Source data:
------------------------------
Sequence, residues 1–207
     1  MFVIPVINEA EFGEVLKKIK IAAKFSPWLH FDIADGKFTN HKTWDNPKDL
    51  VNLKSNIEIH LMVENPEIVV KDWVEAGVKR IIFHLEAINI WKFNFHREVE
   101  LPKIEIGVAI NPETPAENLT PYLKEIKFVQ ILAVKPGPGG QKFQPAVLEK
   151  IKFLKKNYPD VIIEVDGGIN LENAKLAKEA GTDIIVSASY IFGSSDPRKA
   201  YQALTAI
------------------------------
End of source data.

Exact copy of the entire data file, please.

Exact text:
Sequence, residues 1–207
     1  MFVIPVINEA EFGEVLKKIK IAAKFSPWLH FDIADGKFTN HKTWDNPKDL
    51  VNLKSNIEIH LMVENPEIVV KDWVEAGVKR IIFHLEAINI WKFNFHREVE
   101  LPKIEIGVAI NPETPAENLT PYLKEIKFVQ ILAVKPGPGG QKFQPAVLEK
   151  IKFLKKNYPD VIIEVDGGIN LENAKLAKEA GTDIIVSASY IFGSSDPRKA
   201  YQALTAI